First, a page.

The 36th Annual General Meeting (AGM) of Infosys was significant in more ways than one. To begin with, it marks the last AGM that will be chaired by R Seshasayee, who is currently the Chairman of the Board. Mr. Seshasayee turns 70 next year and as per the internal rules, he will be stepping down from the post. But the AGM was also significant for the fact that the promoter shareholders of Infosys including Murthy, Nilekani, Sibulal and Kris chose to skip the AGM. The promoters were unhappy with the style of the board’s functioning and had expressed the same on numerous occasions. Here are the key takeaways from the 36th Infosys AGM…
It was always doing the rounds that IT companies were laying off large numbers of people across functions. With weak IT spending and thinning margins in the traditional businesses, it was always going to be difficult for Infosys to sustain its large workforce. The last nail on the coffin, probably, came from the US H1-B visa restrictions imposed by Donald Trump. IT companies realized that in the new dispensation the model will have to change. Infosys has confirmed in its AGM that they have actually laid off over 11,000 employees, which was a direct outcome of the greater focus on automation. From the wordings of the AGM speech it does appear that it may be the beginning of a series of such lay-offs at Infosys.
The Infosys AGM has obviously taken a cue from the objections raised by the founder promoters pertaining to the huge compensation differential between the top-management and the lower level staff. Murthy had specifically objected to the liberal cash compensation given to Vishal Sikka the CEO and Pravin Rao, the COO as well as the severance pay to Rajiv Bansal. The Infosys AGM has confirmed that the compensation of senior management of Infosys has been largely restructured to include a lower level of fixed component and a much higher proportion of variable component and stock options. Both the variable component and the stock options will only be payable if the company actually starts performing better on critical financial parameters.
The idea of special dividends and buyback came up after the promoter shareholders started demanding that Infosys distribute some of its surplus cash to shareholders. Buybacks offer a more tax-efficient way of rewarding shareholders compared to special dividends as these dividends will be subject to tax in the hands of HNI investors. Out of its total cash stash of $4 billion, the Infosys AGM has confirmed that $2 billion will be distributed during the financial year 2017-18. However, the manner of the distribution (special dividend or share buyback) has not yet been clarified. Recently, Cognizant and TCS had announced a buyback of shares to reward shareholders.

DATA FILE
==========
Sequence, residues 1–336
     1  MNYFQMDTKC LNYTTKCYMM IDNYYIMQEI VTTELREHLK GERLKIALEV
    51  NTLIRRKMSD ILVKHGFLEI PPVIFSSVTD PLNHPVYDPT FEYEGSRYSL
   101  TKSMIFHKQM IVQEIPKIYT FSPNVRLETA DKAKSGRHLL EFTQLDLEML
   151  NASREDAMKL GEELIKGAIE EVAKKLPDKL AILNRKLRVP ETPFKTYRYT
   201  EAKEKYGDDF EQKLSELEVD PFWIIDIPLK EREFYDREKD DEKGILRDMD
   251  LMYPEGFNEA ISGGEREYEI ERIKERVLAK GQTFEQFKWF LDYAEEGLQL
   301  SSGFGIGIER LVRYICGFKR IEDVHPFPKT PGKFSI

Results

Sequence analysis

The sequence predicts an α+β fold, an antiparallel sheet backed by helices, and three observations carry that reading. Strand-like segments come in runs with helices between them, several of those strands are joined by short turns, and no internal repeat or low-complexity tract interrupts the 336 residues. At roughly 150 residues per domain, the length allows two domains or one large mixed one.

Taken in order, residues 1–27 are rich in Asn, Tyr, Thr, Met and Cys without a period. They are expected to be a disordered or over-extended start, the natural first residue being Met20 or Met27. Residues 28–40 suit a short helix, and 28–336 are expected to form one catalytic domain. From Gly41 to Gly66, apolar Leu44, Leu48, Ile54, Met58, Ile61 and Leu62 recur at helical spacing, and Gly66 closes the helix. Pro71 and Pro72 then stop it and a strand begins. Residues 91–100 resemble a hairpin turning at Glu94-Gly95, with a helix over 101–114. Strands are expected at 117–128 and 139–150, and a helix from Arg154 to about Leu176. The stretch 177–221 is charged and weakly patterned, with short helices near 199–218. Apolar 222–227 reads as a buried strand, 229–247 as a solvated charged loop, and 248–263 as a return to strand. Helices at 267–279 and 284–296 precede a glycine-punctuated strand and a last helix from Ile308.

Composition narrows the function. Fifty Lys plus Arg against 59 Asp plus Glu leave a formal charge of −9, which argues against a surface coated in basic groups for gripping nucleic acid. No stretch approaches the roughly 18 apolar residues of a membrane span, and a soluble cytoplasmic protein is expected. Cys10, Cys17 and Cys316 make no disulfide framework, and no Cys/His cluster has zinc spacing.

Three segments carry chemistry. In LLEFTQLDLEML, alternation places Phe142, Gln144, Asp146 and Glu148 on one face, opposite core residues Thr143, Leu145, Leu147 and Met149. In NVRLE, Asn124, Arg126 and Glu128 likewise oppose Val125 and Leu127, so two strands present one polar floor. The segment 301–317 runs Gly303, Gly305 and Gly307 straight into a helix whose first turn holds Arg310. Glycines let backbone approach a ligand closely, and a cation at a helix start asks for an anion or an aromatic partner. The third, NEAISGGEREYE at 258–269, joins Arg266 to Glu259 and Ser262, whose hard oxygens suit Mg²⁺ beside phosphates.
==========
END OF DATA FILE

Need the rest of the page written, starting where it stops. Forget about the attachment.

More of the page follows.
The fact that the core promoter group consisting of Mr. Murthy, Nilekani, Sibulal and Kris opted to avoid attending the meeting indicates that the all is not well between the promoter group and the board. While the board has addressed the promoters’ key concerns on executive compensation and profit distribution, the aspects of corporate governance are still to be addressed. The bigger challenge, that has not been addressed in the AGM is the setting up of an institutionalized process for incorporating the promoter inputs through a mutually acceptable forum. That will be in the larger interests of the promoter group as well as the Board of Infosys. Even the institutional shareholders of Infosys, who own over 70% of the company, will prefer if an institutional mechanism for engaging with the promoters is put in place. That remains a challenge for the Board and has not been addressed in this AGM.
The big question still remains as to who will take over as Chairman of the Board of Infosys once Seshasayee moves on next year. It may be recollected that the board of Infosys already has a co-chair in Ravi Venkatesan. Incidentally, Ravi is the former head of Microsoft India and seen to be closer to the promoter group. His elevation to the role of the next chairman after Seshasayee appears to be the most logical option. Hopefully, that should enable a smoother relationship between the board and the promoter group, which will be in the larger interests of the company.
But for now, the real challenges for Infosys will be outside what has been discussed in the AGM. The big challenge remains the business environment for IT companies. Traditional IT spending is compressing and Infosys needs to leap a few paces to catch up with TCS on the digital side of the business. Optics apart, this business challenge is likely to engage the board much more keenly in the coming year.